Does any serious person think that EU reform will see them include ceding powers or the acceptance of a decrease in funding?

In spite of overwhelming historical and contemporary evidence to the contrary, Mr Cameron seems to think so, as do Messrs Miliband and Clegg. Having returned from irresolute discussions in Brussels, Mr Cameron is walking tall after not capitulating to the EU Commission’s unreasonable demands for a substantial increase to their budget. Bravo Mr Cameron – except, that is, for your track record on Europe.

His policy of ‘Practical Euroscepticism’ has time and again proven to be neither practical nor Eurosceptic. His modus operandi observes the following pattern:

  • Express exasperation and concern about EU policy
  • Adopt a ‘no nonsense approach’ to look strong
  • Capitulate and beg for mercy from his EU master

It follows, therefore, that having appeared strong on Europe at these recent talks, that at the next round of negotiations he will not hesitate to genuflect to the Commission, then claim to the British public that a satisfactory deal has been reached on their behalf. But who is he trying to fool?

At no point has Mr Cameron called for cuts to the EU budget, and his ‘real terms freeze’ will still see the UK debited for even more than the £53 million a day it currently pays. Worse still, Mr Cameron and friends are still willing to sign the UK up to a political ideology that has not had its accounts signed off by auditors for some fifteen years. The EU is a one-armed bandit against which the UK will only lose.

The only person aside from Mr Cameron who feels that the Conservatives will win the next election is Conservative Home’s Tim Montgomerie. Both characters have devised elaborate strategies to see the Tories regain power, peppered with newspeak and initiatives to ‘re-connect’ with voters – but they all choose to miss the essential point: that if Mr Cameron were to offer an EU referendum, with a positive vision of how the UK would manage (quite easily) without the EU, he would secure a second term and a majority.

This will not be done, however, because Mr Cameron is no more a Eurosceptic than the recently discredited Labour criminal Denis MacShane. In terms of difference and monetary returns, expect no change.

© thepanopticonblog, 2012

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The result of the Corby by-election has wider implications beyond the borders of this disputed constituency…

That the Conservatives lost their Corby seat in today’s by-election came as a surprise to no one, least of all the Conservatives. Their majority was always precarious, but not unmanageable. Their mistake was to ever think that the lobotomized Louise Mensch was ever a credible MP, let alone one strong enough to hold on to such a narrow margin, especially when the potent forces of her own ego would always come before public service.

Whilst the odious Edward Miliband paraded the victory of his candidate, the Liberal Democrats were not only beaten into fourth place by UKIP, they lost their deposit after receiving a woeful 1,770 votes.  The Conservatives only beat UKIP by a mere 4368 votes, a statistic that should have them very afraid, especially in a seat seen as a litmus paper for the views of middle England.

At this point one might suggest that Mr Cameron has some thinking to do – he could lurch to the right and cast off his social democrat colours in favour for radical Tory reform – but as has been implied, this would mean Mr Cameron has to not only think, but think strategically and perform acts of self-evaluation and intellect that he is woefully incapable of commanding.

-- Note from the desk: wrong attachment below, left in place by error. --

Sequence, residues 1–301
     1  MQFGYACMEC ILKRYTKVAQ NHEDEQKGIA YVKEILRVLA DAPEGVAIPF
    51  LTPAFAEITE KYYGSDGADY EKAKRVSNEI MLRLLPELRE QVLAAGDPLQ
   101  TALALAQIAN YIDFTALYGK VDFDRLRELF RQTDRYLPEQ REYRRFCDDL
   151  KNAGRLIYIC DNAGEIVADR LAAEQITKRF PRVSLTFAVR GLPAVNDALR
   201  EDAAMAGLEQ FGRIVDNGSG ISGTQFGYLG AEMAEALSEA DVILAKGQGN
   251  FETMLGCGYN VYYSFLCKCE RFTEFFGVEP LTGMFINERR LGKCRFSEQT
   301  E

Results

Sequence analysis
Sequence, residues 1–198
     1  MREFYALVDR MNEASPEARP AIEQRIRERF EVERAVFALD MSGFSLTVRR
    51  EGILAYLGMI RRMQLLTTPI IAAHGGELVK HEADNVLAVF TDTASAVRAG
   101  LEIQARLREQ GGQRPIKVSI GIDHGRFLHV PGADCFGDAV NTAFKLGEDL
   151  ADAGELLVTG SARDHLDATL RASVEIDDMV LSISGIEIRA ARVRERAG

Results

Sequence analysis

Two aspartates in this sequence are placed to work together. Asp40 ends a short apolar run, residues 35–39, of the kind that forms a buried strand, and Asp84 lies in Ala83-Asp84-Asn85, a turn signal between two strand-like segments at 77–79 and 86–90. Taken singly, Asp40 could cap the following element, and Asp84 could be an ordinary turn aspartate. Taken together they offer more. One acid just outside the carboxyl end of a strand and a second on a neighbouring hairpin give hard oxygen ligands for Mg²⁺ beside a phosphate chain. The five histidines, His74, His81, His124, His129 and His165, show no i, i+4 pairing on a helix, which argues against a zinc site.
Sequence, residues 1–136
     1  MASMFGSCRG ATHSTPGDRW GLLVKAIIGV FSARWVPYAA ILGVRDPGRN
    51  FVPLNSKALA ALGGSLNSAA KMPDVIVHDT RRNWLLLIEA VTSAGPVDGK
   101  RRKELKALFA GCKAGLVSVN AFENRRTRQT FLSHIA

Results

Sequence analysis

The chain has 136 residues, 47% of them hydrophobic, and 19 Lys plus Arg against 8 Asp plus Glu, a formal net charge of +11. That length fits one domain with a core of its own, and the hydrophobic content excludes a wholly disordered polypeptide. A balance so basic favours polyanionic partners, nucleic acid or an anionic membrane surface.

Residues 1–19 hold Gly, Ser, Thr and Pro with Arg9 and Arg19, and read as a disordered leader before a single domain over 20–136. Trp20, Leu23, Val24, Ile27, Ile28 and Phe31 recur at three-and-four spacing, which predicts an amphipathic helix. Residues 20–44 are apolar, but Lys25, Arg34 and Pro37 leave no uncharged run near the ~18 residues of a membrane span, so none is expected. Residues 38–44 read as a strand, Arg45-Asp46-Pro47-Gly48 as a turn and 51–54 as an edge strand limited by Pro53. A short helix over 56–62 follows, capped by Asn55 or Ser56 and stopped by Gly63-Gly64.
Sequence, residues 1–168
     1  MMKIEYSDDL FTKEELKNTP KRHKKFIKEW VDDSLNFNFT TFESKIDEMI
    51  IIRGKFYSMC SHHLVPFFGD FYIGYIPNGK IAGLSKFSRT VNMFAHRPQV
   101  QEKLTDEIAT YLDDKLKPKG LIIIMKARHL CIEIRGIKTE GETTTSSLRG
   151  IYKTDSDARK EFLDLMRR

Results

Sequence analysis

Instead, what do Mr Cameron and his cronies say? They spin the result as simply the mid-term blues that all incumbent governments undergo as voters register their discontent with the direction of the ruling party.

It is a line that typifies the disconcertingly patronising tone of politicians from all the main parties. It suggests that to them it is almost a badge of honour, a virtuous failure, to be mauled by the electorate halfway through a parliament, as if governing in the interests of the electorate and securing or sustaining a popular mandate are laughable impossibilities. They chose to ignore what is in front of them – whether it is the striking election results by UKIP or by the success of independent candidates as Police Commissioners – this is not a mid-term blues protest: it is the result of long-term disenchantment with the useless politicians and the discredited parties they serve.

By voting Labour, Conservative or Lib Dem, the electorate are merely changing the guard, all of whom protect the same thing: their interests, which are dependent upon their mutual survival as political parties. Today’s results are a victory for independent candidates away from Westminster, and it is a story of success for UKIP, whose ascent is damaging the three party system, and above all, Mr Cameron, who had better watch his back from his own party members before anyone else.

Mid-term blues? Hardly! Things have rarely looked better…

© thepanopticonblog, 2012

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Gareth Shanks (Yorkshire Young Independence Regional Secretary) presents his take on the forthcoming Police Crime Commissioner Elections.

I’m no fan of how the Government is running the Police and Crime Commissioner Elections: high deposits which lock out smaller parties, an expensive not to mention at times wasteful campaign, and a projected turnout of just 18.5% – to put that into context, my local ward election attracted 29.05% turnout. This does not bode well for the Conservative Party which has traditionally been seen as ‘tough on crime’.